The soul must be delivered from delighting in the grovelling toys of earth; the man who is born for heaven "hath not lifted up his soul unto vanity." All men have their joys, by which their souls are lifted up; the worldling lifts up his soul in carnal delights, which are mere empty vanities; but the saint loves more substantial things; like Jehoshaphat, he is lifted up in the ways of the Lord. He who is content with the husks will be reckoned with the swine. If we suck our consolation from the breasts of the world, we prove ourselves to be its home-born children. Does the world satisfy thee? Then thou hast thy reward and thy portion in this life; make much of it, for thou shalt know no other joy.
"Nor sworn deceitfully." The saints are men of honour still. The Christian man's word is his only oath; but that is as good as twenty oaths of other men. False speaking will shut any man out of heaven, for a liar shall not enter into God's house, whatever may be his professions or doings. God will have nothing to do with liars, except to cast them into the lake of fire. Every liar is a child of the devil, and will be sent home to his father. A false declaration, a fraudulent statement, a cooked account, a slander, a lie - all these may suit the assembly of the ungodly, but are detested among true saints: how could they have fellowship with the God of truth, if they did not hate every false way?
It must not be supposed that the persons who are thus described by their inward and outward holiness are saved by the merit of their works; but their works are the evidences by which they are known. The present verse shows that in the saints grace reigns and grace alone. Such men wear the holy livery of the Great King because he has of his own free love clothed them therewith. The true saint wears the wedding garment, but he owns that the Lord of the feast provided it for him, without money and without price. "He shall receive the blessing from the Lord, and righteousness from the God of his salvation." So that the saints need salvation; they receive righteousness, and "the blessing" is a boon from God their Saviour. They do not ascend the hill of the Lord as givers but as receivers, and they do not wear their own merits, but a righteousness which they have received. Holy living ensures a blessing as its reward from the thrice Holy God, but it is itself a blessing of the New Covenant and a delightful fruit of the Spirit. God first gives us good works, and then rewards us for them. Grace is not obscured by God's demand for holiness, but is highly exalted as we see it decking the saint with jewels, and clothing him in fair white linen; all this sumptuous array being a free gift of mercy.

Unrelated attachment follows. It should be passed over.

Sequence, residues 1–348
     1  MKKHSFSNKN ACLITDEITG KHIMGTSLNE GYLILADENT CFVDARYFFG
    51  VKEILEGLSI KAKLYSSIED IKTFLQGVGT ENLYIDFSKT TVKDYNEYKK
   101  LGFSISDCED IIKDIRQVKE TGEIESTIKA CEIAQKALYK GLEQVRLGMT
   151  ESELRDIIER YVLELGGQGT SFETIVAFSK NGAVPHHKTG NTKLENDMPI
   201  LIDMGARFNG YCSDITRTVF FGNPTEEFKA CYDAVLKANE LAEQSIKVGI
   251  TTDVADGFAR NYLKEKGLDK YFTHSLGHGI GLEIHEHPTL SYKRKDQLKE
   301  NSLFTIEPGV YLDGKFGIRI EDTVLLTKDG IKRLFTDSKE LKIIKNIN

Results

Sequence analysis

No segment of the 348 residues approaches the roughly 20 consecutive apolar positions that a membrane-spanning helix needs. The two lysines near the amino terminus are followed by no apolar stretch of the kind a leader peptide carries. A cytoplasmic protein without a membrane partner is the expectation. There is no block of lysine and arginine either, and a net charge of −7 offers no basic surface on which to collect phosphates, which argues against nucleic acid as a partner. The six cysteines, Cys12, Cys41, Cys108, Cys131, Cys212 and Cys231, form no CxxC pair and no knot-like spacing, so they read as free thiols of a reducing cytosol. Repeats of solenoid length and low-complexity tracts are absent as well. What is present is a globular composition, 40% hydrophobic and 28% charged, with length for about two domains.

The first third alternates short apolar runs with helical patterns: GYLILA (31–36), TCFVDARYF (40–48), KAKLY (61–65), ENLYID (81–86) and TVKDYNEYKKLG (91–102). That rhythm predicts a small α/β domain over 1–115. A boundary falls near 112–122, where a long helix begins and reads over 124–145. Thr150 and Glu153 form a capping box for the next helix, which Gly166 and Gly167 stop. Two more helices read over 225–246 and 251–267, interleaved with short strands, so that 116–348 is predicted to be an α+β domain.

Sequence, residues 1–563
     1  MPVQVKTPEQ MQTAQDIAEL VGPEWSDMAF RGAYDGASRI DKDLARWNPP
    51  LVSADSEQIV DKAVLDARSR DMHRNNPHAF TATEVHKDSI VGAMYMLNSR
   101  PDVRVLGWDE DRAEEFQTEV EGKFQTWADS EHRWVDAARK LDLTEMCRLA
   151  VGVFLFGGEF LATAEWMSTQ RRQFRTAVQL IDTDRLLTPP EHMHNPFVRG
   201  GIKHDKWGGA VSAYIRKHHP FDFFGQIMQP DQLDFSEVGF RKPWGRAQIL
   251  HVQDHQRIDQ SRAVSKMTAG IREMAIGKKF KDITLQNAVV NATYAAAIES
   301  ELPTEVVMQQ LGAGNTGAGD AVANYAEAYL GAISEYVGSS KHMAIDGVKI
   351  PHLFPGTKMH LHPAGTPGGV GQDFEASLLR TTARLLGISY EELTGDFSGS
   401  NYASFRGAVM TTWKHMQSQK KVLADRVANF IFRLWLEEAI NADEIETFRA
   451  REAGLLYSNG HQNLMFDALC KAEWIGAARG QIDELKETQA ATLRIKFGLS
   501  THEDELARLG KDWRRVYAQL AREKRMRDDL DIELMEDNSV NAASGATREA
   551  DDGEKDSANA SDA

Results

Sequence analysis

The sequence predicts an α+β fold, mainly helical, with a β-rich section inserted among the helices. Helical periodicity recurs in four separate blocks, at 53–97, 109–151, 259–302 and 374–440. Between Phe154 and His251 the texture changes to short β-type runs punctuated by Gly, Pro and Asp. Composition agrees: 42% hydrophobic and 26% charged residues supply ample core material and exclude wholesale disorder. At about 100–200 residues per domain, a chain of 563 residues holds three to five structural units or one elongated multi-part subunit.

Jamieson-Fausset-Brown Bible Commentary
3, 4. The form of a question gives vivacity. Hands, tongue, and heart are organs of action, speech, and feeling, which compose character.
hill of the Lord—(compare Ps 2:6, &c.). His Church—the true or invisible, as typified by the earthly sanctuary.